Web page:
|The experimenter's view of the trees.
- Causal pathway redundancy: redundancy in causal pathways may mitigate the agent's effects on the downstream outcome of interest - blocking one intermediary fails because another pathway remains active
- Causal factor redundancy: the factor affected by the agent has both beneficial and untoward effects in different causal pathways - that is, the agent's toxic effects may outweigh/counteract its beneficial ones through different pathways
- Time dependency of the causal pathway: the agent interferes with a factor in the causal pathway that is time dependent and thus the timing of administration is crucial for expression of the agent's effects
- Multiplicity of agent effects: the agent has multiple effects on multiple pathways - e.g., HMG-CoA reductase inhibitors both lower LDL cholesterol and have anti-inflammatory effects. In this case, the agent may influence the outcome favorably, but it's a trick of nature - it's doing so via a different mechanism than the one you think it is.
Next consider Figure 2. S. pneumoniae triggers a causal cascade that leads to death, but it also triggers several other sequences that do not lead to death, represented as A, B, C and J, K, L. (These factors could be cytokines or any other immunological molecules.) Suppose that investigators researching clinical illness with S. pneumoniae discover these nine molecules and further research shows that, compared to levels of these molecules in patients without disease, levels in patients with clinical infection are elevated and positively correlated with the probability of death. Naturally we hope that the molecules we have discovered and can measure are part of the causal pathway to death from the illness, but we have no way of knowing based on these correlations. In this simple example, only a third of the molecules discovered and correlated with death are causal intermediaries. The other two-thirds are epiphenomena, and their manipulation by any means will not affect the causal pathway to the outcome of interest.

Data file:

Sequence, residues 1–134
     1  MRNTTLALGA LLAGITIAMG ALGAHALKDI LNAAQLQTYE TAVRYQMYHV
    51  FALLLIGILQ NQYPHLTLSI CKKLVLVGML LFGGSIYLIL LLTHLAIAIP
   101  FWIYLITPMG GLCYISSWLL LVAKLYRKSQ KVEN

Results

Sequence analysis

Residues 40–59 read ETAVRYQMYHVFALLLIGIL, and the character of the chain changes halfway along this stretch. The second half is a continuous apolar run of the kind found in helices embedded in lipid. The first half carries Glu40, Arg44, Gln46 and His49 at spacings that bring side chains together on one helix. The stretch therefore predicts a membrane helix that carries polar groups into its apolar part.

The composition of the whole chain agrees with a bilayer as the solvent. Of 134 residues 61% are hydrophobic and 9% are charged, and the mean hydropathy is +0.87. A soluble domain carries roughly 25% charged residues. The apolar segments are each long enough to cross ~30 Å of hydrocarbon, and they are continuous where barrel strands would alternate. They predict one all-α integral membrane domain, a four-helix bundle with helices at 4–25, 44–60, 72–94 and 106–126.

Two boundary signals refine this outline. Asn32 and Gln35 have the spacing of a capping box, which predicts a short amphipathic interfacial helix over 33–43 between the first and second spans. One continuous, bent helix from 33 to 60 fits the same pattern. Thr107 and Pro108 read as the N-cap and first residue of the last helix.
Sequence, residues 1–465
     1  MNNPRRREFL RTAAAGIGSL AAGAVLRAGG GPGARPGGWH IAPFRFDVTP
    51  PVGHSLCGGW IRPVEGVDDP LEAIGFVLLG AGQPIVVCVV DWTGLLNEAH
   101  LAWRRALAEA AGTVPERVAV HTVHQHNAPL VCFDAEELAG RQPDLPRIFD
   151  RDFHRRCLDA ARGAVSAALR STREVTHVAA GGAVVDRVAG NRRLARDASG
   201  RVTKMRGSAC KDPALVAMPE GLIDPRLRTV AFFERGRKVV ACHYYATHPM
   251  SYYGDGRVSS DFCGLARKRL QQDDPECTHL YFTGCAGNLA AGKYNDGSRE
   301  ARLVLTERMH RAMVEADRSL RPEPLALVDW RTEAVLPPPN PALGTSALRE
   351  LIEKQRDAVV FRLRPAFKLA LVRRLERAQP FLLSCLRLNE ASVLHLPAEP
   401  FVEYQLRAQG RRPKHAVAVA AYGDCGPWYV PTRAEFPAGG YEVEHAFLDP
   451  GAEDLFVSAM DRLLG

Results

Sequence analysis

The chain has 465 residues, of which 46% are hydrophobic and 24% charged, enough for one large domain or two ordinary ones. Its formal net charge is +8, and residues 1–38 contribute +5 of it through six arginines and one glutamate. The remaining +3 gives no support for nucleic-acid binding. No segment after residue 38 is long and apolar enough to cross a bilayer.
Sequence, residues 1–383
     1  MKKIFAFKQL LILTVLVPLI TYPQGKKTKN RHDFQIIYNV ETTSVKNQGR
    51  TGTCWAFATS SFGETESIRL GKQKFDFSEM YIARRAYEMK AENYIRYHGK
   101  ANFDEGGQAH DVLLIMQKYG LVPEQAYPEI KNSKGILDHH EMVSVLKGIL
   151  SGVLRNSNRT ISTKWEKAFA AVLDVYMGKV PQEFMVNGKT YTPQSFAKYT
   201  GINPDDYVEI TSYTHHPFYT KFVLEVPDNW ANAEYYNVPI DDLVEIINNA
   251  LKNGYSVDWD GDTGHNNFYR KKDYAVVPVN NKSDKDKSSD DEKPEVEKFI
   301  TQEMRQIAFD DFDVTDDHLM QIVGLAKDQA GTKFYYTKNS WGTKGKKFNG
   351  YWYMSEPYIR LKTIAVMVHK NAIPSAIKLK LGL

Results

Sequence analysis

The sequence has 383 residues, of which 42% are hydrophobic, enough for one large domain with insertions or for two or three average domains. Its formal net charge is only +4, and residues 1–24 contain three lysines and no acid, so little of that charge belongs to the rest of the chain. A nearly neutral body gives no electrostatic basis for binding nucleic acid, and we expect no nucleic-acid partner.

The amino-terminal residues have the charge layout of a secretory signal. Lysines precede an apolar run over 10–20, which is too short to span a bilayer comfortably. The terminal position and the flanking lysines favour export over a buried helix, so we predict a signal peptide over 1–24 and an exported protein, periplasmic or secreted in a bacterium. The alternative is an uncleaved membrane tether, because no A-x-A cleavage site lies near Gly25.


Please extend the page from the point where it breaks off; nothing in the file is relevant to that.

(See also: Why Sepsis Trials Fail by Roger Bone, JAMA, 1996; and an editorial by Opal and LaRosa in AJRCCM June 1, 2013.)